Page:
LIVINGSTON, Ala. (WBRC) - The University of Alabama expanded efforts to provide rural healthcare to underserved communities.
Thursday, healthcare workers with the university traveled to Sumter County to test those without access in their home county.
Local residents like Johnny Coats took advantage of the testing site.
“I started coughing and then they said something about a fever and I started feeling hot,” Coats said.
Before Thursday, Coats said he would have had to travel to Demopolis or Mississippi to get tested for coronavirus.
“Cause I want to be on the safe side. I don’t want to wait till I die and I won’t know about it then,” Coats continued.
The University of Alabama Medical Center and Office for Research and Economic Development partnered with the City of Livingston, Alabama Power and the University of West Alabama to provide coronavirus screenings to people the people there.
“I would rather screen people and then be at ease, than have them wonder,” said John Higginbotham, Chair of the Department of Community Medicine and Population Health at the University of Alabama.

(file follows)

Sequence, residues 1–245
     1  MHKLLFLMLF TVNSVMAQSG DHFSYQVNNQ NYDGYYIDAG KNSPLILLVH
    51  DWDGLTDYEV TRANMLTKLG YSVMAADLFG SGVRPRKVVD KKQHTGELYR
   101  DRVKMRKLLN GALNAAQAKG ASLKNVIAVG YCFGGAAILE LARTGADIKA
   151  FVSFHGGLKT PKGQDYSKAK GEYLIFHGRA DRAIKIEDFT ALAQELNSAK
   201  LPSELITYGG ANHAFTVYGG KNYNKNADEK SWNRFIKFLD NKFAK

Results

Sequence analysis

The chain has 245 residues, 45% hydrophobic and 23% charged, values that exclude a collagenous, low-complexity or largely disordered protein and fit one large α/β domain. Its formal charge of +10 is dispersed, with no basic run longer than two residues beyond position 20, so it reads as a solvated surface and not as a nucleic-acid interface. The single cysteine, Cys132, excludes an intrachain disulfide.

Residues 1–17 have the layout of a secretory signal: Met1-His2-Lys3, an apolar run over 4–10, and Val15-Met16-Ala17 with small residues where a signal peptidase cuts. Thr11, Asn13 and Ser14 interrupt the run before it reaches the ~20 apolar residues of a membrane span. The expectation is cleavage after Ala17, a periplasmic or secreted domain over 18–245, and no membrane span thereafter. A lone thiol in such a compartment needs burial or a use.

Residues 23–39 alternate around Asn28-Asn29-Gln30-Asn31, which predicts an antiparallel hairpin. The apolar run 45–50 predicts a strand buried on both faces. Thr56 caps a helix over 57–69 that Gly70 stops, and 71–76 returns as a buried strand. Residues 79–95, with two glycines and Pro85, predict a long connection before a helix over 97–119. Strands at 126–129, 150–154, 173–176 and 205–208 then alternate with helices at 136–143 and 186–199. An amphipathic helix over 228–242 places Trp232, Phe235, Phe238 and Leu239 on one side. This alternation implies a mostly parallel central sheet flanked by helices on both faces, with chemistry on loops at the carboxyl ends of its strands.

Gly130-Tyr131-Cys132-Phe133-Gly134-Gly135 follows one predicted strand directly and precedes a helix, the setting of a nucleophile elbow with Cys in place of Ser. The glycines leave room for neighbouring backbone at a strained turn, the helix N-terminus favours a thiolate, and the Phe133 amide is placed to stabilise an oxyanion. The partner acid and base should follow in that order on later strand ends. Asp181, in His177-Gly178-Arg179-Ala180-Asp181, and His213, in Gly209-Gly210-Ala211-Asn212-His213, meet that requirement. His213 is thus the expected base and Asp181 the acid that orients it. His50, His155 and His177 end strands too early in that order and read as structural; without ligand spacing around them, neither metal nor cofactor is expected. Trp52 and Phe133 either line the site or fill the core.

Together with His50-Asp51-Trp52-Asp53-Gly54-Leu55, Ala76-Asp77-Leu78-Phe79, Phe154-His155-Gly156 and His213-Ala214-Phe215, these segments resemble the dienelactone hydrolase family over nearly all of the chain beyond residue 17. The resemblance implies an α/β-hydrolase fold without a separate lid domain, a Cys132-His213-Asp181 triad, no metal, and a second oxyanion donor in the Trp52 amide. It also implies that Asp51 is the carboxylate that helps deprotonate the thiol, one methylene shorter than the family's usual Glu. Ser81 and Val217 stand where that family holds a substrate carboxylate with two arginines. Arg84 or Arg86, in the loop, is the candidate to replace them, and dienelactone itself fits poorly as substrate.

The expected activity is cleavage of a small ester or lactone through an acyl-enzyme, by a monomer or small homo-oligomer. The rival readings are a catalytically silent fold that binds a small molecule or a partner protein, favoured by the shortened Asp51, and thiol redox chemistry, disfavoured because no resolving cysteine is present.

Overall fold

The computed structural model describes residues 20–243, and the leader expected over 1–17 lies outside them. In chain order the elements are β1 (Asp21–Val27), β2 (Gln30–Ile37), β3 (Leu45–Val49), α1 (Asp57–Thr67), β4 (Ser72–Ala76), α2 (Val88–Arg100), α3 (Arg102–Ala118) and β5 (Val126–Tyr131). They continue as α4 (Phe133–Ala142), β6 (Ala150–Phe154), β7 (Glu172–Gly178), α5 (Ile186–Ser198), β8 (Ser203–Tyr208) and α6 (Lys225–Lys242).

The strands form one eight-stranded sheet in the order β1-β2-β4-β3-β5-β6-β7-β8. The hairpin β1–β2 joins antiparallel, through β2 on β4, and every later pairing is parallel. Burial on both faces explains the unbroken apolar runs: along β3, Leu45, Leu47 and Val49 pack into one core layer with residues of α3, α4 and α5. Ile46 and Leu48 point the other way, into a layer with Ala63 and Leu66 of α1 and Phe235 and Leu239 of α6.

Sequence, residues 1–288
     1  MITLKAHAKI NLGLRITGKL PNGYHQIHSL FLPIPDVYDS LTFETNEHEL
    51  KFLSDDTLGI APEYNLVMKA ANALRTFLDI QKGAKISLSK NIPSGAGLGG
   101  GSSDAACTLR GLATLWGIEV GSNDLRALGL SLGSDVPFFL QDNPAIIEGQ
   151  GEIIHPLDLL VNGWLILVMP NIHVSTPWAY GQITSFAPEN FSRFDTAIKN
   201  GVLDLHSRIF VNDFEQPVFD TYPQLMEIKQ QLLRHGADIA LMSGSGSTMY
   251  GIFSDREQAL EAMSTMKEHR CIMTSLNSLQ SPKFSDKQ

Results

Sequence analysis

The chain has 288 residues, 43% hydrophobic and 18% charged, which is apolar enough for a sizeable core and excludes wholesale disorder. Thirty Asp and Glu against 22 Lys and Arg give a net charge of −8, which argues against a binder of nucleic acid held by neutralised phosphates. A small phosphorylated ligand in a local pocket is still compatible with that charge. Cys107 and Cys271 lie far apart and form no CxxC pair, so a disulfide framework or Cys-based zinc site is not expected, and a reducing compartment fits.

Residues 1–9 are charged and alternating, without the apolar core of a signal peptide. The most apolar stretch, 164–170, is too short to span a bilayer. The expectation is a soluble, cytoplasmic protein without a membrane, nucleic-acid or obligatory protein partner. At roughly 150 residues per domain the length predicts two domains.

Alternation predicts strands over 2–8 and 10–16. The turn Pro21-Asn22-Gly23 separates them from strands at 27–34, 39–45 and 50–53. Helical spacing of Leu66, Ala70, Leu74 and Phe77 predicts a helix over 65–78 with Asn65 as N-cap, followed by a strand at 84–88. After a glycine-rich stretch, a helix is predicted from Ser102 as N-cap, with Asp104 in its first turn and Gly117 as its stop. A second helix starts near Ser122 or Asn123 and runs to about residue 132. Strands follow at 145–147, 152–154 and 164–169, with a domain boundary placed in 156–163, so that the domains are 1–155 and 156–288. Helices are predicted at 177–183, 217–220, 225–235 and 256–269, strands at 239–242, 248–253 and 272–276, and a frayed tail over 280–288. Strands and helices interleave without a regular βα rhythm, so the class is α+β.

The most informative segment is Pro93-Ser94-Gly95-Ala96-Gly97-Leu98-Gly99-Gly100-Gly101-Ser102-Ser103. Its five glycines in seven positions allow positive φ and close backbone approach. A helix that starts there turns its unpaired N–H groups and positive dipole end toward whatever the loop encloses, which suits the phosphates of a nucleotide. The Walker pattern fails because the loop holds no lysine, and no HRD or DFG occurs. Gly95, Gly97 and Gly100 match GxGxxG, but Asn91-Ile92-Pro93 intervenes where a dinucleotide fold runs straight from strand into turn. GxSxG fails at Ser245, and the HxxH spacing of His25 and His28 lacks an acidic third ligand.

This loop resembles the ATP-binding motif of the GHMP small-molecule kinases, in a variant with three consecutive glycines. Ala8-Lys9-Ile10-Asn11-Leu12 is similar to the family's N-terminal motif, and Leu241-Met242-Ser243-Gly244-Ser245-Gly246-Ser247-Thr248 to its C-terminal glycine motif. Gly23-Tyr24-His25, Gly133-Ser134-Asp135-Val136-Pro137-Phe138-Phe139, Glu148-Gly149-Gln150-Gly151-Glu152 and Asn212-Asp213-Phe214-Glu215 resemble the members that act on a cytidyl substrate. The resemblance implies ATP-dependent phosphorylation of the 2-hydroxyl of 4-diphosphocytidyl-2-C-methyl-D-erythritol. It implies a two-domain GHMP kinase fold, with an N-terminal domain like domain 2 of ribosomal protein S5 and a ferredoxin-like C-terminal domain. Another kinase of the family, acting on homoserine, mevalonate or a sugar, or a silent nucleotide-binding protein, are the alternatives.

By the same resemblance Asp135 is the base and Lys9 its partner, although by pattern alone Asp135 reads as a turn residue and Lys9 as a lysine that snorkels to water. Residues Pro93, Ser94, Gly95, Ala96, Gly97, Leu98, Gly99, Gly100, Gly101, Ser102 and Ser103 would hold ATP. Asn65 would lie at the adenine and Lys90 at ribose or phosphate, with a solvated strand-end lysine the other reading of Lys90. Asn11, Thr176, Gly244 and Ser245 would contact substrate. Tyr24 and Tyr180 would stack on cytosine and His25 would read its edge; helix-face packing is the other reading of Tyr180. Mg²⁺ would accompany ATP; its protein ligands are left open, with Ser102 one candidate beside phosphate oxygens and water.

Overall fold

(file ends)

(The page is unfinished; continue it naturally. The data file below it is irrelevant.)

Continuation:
Alabama Power will help pay for the screenings for those who don’t have insurance or can’t afford to be tested.
People pull up in a car and are asked a series of questions. If health care workers feel they fit the criteria of someone who needs to be tested, they drive over to UA’s Rural Research and Operational Vehicle, or ROVR, and they’ll submit a nasal swab sample that will be tested.
"It’s bad enough we have to keep our distance from family and friends and we really want to know what’s going on with us,” Angel Vann, a woman waiting to be tested for coronavirus later said.
Test results are usually back within five days. The University of Alabama is offering COVID-19 testing at Jaycee Park in Livingston from 9am to noon Tuesday’s and Thursday’s or until supplies run out.